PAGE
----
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School nurses and health visitors need training on sexting

Qualitive study looks at nursing ability to deal with consequences of sexting in young people

Qualitive study looks at nursing ability to deal with consequences of sexting in young people

Sexting – desribed by the Oxford English Dictionary as the distribution of sexually explicit photographs or messages via mobile phone – may lead to harmful consequences for some young people.


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There has been recent government guidelines on safe use of social media. School nurses and other primary care nurses working with children and young people may have a health promotion role in sexting because protecting them from potentially harmful sexual behaviour is a public health concern.

This qualitative study interviewed 18 school nurses, health visitors and family nurses (PHNs) in England as to their views, practice, experience and confidence in dealing with sexting and potentially harmful situations. The participants suggested that sexting was an issue affecting young people they worked with. Some suggested that sexting had become normal among young people, but most also provided real world critical incidents of child abuse and exploitation related to sexting.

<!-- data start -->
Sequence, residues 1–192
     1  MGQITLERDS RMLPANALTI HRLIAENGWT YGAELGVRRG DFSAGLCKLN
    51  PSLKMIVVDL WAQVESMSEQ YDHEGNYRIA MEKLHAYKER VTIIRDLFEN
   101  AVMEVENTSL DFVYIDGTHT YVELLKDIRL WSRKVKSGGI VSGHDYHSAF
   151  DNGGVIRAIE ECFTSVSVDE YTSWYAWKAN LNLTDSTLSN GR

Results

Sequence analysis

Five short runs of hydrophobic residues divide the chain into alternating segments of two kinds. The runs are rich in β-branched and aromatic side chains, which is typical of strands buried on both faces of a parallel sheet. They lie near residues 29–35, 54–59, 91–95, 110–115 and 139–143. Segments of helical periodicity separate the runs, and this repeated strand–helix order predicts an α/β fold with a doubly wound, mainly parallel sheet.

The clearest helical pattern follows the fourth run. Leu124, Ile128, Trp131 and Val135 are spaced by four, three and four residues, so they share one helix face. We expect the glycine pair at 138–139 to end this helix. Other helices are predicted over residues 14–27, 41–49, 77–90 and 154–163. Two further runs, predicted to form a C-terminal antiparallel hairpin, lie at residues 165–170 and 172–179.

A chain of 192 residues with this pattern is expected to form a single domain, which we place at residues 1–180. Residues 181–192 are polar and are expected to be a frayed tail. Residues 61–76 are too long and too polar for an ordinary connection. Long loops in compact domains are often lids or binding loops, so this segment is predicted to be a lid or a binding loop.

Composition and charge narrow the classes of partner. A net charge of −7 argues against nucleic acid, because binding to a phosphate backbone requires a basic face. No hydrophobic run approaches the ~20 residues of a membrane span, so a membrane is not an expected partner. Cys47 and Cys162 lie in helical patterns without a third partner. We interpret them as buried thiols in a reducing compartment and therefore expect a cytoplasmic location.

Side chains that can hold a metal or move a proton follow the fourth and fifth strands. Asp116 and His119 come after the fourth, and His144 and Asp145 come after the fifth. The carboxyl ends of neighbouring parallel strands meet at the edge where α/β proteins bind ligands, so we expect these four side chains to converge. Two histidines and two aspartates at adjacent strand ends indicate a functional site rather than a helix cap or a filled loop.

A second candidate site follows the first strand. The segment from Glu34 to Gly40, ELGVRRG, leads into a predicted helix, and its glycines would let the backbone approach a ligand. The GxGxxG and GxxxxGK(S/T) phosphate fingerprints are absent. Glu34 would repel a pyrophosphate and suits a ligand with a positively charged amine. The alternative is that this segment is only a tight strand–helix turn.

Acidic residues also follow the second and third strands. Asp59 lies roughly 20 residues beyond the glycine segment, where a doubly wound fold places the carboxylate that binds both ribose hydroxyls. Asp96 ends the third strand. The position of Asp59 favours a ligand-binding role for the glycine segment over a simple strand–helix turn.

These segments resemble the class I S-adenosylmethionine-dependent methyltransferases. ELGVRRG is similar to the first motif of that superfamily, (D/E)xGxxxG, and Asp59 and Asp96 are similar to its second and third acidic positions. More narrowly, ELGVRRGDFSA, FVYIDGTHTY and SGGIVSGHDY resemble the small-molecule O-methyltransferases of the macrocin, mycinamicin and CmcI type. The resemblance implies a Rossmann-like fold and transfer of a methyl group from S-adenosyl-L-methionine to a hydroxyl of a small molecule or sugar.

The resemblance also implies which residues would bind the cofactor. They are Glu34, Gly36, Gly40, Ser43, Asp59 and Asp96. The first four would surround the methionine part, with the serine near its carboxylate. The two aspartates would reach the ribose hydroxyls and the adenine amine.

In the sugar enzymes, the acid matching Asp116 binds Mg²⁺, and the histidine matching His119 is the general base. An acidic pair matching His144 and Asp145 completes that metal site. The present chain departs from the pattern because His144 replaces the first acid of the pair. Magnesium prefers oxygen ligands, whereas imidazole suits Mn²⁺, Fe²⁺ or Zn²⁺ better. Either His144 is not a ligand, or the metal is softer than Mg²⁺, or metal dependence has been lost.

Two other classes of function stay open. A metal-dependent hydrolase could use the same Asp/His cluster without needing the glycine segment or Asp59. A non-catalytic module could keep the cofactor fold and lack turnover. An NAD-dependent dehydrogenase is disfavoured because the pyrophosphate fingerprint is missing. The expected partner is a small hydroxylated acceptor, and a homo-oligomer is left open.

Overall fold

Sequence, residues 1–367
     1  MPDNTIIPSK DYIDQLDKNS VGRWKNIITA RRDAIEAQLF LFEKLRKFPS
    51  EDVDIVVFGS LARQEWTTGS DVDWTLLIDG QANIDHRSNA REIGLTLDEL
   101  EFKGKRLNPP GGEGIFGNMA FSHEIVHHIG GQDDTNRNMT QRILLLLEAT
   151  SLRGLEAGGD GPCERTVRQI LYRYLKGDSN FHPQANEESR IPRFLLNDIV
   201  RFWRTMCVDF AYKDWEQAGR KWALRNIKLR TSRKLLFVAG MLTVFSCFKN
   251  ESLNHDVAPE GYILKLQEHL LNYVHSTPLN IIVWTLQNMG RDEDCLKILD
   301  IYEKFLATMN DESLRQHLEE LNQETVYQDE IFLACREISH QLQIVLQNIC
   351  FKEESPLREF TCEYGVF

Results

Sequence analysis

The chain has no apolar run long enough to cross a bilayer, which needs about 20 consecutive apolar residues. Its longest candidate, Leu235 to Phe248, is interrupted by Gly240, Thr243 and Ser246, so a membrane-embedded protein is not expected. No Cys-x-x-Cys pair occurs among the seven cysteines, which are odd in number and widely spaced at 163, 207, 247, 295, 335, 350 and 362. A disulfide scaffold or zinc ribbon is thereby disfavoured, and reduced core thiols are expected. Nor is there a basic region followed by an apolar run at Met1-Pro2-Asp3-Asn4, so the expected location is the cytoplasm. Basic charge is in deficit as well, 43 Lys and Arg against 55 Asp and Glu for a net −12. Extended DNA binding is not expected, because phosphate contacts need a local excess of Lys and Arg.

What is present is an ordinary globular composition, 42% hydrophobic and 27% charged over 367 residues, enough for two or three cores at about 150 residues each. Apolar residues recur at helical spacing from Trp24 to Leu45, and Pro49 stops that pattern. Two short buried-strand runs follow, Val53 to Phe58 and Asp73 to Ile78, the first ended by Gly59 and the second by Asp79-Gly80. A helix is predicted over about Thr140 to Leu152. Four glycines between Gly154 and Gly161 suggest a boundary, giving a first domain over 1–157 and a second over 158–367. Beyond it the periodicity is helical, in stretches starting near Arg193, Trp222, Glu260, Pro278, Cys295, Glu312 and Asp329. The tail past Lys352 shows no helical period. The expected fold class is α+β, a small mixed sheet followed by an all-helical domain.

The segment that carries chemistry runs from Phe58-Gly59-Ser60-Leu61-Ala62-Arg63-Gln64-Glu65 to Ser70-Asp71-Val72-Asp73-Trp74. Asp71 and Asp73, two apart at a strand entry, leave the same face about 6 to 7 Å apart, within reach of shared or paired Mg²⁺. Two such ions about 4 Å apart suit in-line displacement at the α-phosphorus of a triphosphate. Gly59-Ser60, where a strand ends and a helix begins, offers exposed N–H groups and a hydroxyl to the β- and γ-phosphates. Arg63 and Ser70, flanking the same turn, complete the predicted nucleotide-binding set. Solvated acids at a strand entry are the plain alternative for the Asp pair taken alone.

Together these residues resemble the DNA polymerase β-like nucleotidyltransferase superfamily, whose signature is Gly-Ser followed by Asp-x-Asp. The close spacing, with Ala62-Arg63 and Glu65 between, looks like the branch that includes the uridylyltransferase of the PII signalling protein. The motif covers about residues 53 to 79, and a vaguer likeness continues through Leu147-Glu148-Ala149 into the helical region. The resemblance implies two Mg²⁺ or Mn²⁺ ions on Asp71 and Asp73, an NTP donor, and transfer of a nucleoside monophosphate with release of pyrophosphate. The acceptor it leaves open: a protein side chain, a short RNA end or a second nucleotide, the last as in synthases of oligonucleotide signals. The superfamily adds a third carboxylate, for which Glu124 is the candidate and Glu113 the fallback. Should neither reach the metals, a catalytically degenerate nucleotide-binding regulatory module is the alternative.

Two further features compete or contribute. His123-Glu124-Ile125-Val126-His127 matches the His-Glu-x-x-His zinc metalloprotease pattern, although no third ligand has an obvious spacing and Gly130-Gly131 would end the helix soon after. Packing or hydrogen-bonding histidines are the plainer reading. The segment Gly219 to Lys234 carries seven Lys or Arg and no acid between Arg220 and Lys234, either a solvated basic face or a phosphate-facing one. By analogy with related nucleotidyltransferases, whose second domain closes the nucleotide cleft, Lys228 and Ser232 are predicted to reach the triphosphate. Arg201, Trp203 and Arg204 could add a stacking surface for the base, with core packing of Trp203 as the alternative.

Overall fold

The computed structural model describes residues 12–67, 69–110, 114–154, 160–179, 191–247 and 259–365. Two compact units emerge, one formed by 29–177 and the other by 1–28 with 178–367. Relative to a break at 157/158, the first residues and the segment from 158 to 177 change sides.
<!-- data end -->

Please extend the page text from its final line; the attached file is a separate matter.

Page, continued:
Online grooming for harmful sexual activity was identified by some participants, after the event, particularly in relation to young people with learning disabilities.  Participants identified their limited opportunities to deal with the issue. 

Overall the nurses and health visitors were not confident about discussing sexting with young people. Improving primary care nurses’ knowledge about how to promote digital safety in children and young people may be an important public health and safeguarding measure.


Clark M, Lewis A, Bradshaw S et al (2018) How public health nurses' deal with sexting among young people: a qualitative inquiry using the critical incident technique. BMC Public Health. 18, 1, 729. doi: 10.1186/s12889-018-5642-z.

Compiled by Vari Drennan, professor of healthcare and policy research at Kingston and St. George’s, University of London

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